A view of the human brain from the top shows that it looks similar to a whole walnut. Although larger. At least I hope mine is.
Some days I wonder if our brains aren’t turning into pretzels.
I answered two emails and three texts with nothing but emojis today and it dawned on me that we’ve just about come full circle.
Our ancestors used to paint pictures on cave walls to communicate, and here we are communicating with simple pictures once again. But instead of putting them on stone, we send them on mobile devices, some costing upward of $700.
And we think we’re the smart ones.
I have an entire list of things that make no sense:
I have one pair of feet and more than 20 pairs of shoes, one pair of eyes and three pairs of glasses. Numerically, it appears I favor my feet by a wide margin, which is categorically untrue.
I will never unravel the mystery of why people pay big money for ragged jeans. Ragged clothes have long been a stigma of shame for the poor — now they’re a status symbol for celebrities.
Years ago, people died from malnutrition and starvation. That is still true in some parts of the world today, but here we are killing ourselves with food. We have a hard time finding the happy medium when it comes to eating. Nearly every women’s magazine features pictures of dessert recipes alongside advertisements for workout clothes.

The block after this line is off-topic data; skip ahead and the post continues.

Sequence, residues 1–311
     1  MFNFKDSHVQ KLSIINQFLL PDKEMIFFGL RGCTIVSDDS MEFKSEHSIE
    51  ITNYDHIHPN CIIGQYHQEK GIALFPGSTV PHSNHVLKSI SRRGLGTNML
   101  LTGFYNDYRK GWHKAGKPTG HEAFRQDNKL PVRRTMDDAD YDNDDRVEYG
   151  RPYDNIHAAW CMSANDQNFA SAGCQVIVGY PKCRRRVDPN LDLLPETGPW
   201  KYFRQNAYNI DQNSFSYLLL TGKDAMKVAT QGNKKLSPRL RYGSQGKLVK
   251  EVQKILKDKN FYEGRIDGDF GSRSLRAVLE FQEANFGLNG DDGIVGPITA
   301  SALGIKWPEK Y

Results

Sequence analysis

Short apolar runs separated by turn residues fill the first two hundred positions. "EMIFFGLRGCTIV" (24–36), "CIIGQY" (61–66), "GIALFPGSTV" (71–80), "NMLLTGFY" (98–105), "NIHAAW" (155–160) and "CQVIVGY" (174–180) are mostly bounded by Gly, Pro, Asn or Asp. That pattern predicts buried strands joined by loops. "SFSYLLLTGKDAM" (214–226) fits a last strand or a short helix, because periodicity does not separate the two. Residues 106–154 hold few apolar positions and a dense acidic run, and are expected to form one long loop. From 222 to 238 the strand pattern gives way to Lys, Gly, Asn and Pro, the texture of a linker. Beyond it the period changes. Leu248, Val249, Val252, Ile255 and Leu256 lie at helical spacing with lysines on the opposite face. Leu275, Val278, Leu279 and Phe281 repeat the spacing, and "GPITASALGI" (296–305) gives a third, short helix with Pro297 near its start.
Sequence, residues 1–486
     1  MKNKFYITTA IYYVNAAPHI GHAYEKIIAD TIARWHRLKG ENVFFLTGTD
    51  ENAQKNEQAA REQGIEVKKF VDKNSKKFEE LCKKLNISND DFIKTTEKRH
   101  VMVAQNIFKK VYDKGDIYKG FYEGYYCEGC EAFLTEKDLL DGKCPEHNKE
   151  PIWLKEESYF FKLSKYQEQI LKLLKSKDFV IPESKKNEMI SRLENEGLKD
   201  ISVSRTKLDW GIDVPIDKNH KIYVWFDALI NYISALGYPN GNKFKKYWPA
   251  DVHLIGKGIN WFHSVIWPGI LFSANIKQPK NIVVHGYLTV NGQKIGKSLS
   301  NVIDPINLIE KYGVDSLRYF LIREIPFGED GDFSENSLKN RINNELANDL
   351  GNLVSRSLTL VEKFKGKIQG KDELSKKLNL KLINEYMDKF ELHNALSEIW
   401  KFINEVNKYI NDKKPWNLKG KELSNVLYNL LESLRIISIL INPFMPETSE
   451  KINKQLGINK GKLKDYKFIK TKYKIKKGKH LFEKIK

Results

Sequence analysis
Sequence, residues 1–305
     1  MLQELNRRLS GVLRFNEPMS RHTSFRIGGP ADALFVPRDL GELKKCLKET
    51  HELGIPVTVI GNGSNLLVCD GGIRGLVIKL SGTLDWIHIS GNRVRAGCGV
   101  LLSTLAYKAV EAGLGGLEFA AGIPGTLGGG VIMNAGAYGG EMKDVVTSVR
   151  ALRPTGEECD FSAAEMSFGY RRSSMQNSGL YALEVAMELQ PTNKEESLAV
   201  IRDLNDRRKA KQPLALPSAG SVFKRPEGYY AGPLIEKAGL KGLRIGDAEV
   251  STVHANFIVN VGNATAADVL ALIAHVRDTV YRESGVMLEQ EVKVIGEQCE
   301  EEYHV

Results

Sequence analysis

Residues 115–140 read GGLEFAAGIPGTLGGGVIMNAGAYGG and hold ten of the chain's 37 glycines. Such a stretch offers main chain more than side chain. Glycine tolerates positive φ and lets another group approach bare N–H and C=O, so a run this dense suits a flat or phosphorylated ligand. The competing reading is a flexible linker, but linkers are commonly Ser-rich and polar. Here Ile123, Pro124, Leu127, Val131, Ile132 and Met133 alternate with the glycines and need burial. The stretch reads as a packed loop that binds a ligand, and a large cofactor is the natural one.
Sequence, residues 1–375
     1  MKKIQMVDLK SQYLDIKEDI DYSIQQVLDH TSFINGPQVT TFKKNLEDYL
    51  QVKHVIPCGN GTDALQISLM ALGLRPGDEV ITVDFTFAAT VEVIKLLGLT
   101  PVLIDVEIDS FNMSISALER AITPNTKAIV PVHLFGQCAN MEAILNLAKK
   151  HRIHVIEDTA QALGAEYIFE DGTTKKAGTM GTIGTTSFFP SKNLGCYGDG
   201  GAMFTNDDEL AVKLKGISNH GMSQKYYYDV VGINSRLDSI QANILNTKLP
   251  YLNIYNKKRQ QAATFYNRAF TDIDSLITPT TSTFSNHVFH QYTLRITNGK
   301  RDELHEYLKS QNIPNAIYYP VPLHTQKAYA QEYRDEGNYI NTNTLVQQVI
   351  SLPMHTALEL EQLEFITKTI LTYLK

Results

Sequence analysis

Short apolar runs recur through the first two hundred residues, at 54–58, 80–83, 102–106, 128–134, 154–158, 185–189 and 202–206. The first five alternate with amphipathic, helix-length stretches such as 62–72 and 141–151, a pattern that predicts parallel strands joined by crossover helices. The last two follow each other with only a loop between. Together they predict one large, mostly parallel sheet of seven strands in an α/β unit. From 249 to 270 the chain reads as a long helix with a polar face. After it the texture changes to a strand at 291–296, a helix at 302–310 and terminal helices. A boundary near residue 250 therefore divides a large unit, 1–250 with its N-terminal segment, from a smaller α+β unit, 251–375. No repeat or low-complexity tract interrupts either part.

Whenever someone puts a hot plate in front of me and cautions that it is hot, as though I am age 6, as soon as the server turns around, I touch it. There’s a 6-year-old trapped inside my aging body.
There are some things that sound completely illogical, but in reality make perfect sense. I drive three miles to walk 3 miles on a trail. That makes no sense. But if you saw the beautiful trail, you’d understand.
Roaming through a brick and mortar bookstore the other day, I was astounded by the number of children’s picture books, authored and illustrated by adults, that go into great detail on the subject of toilet training. For thousands of years children were able to potty train without picture books, but now they need visual aids.
The husband takes the little shampoos and conditioners from hotels home with us, then I pack them when we go out of town again even though every hotel routinely stocks little shampoos and conditioners. (No, we don’t take toilet paper or bath towels.)
What makes me doubt our brains the most is how we are functioning as a nation. Many of us know exactly how many generations ago someone in our family came here from another country. In most cases they came eager to become Americans, to become part of a story larger than themselves. But now we are dividing and subdividing, splitting into factions, tribes and clans.
There is precious little focus on the things that unite us, and constant harping on the things that divide us. We no longer agree to disagree; we now disagree and destroy.
Self-destruction makes no sense.